Pope Tells Mexican Bishops to Be Close to Their Brothers in the US in Order to Help Migrants

Says Church Is More Than a Mere Human Resource in Addressing This Issue

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In a lengthy address to the bishops of Mexico today, the Pope on his first full day of a six-day visit to the country took up the issue of immigration.
He told the prelates that he appreciated everything they are doing to confront what he called the “challenge of our age: migration.”
“There are millions of sons and daughters of the Church who today live in the diaspora or who are in transit, journeying to the north in search of new opportunities,” he said.
The Holy Father noted how many have “left behind their roots,” despite the many risks, to seek the “‘green light’ which they regard as hope.”
“So many families are separated; and integration into a supposedly ‘promised land’ is not always as easy as some believe,” he said.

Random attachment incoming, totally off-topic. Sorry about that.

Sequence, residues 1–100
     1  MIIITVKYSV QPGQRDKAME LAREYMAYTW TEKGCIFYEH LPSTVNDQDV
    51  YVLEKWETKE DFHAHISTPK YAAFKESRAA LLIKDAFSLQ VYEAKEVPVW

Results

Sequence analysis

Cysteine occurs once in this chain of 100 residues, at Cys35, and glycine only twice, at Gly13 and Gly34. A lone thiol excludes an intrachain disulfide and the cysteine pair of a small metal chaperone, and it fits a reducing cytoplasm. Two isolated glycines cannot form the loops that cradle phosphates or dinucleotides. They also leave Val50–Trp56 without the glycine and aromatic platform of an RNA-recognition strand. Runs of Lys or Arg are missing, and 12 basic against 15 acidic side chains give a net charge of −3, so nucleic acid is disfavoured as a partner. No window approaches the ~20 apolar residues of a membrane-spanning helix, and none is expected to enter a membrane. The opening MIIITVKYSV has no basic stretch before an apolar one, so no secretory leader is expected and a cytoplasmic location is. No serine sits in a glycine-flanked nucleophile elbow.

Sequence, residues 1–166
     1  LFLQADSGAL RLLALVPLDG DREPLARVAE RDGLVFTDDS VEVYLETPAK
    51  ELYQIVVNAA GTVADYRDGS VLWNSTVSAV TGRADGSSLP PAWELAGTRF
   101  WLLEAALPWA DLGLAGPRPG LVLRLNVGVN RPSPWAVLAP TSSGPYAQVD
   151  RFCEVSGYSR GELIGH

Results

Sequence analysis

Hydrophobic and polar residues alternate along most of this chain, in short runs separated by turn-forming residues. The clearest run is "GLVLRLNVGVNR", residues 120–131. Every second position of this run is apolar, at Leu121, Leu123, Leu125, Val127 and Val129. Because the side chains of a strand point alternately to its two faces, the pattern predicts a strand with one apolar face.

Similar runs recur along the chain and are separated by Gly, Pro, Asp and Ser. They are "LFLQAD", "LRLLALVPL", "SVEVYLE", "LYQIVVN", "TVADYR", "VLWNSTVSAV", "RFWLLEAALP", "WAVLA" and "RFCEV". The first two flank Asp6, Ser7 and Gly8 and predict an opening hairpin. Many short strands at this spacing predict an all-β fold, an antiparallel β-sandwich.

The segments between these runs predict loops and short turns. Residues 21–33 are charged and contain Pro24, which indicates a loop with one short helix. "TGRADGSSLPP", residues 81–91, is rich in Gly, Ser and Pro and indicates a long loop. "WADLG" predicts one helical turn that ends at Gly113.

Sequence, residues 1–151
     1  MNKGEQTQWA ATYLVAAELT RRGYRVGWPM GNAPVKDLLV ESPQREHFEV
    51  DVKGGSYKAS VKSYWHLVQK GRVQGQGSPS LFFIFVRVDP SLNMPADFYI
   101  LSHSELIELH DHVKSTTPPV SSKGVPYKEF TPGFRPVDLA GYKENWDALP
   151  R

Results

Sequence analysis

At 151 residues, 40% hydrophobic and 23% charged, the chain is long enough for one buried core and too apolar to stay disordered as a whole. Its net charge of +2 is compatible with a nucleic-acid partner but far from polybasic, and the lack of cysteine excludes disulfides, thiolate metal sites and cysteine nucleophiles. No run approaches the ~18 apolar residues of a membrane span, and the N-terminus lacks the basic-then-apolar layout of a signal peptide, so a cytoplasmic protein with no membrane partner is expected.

The Pope told his brother prelates to follow the migrants with their hearts.
“Strengthen the communion with your brothers of the North American episcopate, so that the maternal presence of the Church can keep alive the roots of the faith of these men and women, as well as the motivation for their hope and the power of their charity.”
“I ask you to witness together that the Church is the custodian of a unifying vision of humanity and that she cannot consent to being reduced to a mere human ‘resource,’” he added.
The Pope thus pointed to a grave problem facing the Church of North America, both in Mexico and the United States: that Hispanic immigrants too often do not continue to practice their faith. According to a 2014 Pew study, nearly one-in-four Hispanic adults (24%) in the United States are now former Catholics.
In speaking to the bishops, the Pope referenced not only Mexicans who head north, but also those who pass through Mexico from Central America.
“Your efforts will not be in vain when your dioceses show care by pouring balm on the injured feet of those who walk through your territories, sharing with them the resources collected through the sacrifices of many,» he said; «the divine Samaritan in the end will enrich the person who is not indifferent to him as he lies on the side of the road.»

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Kathleen Naab

United States

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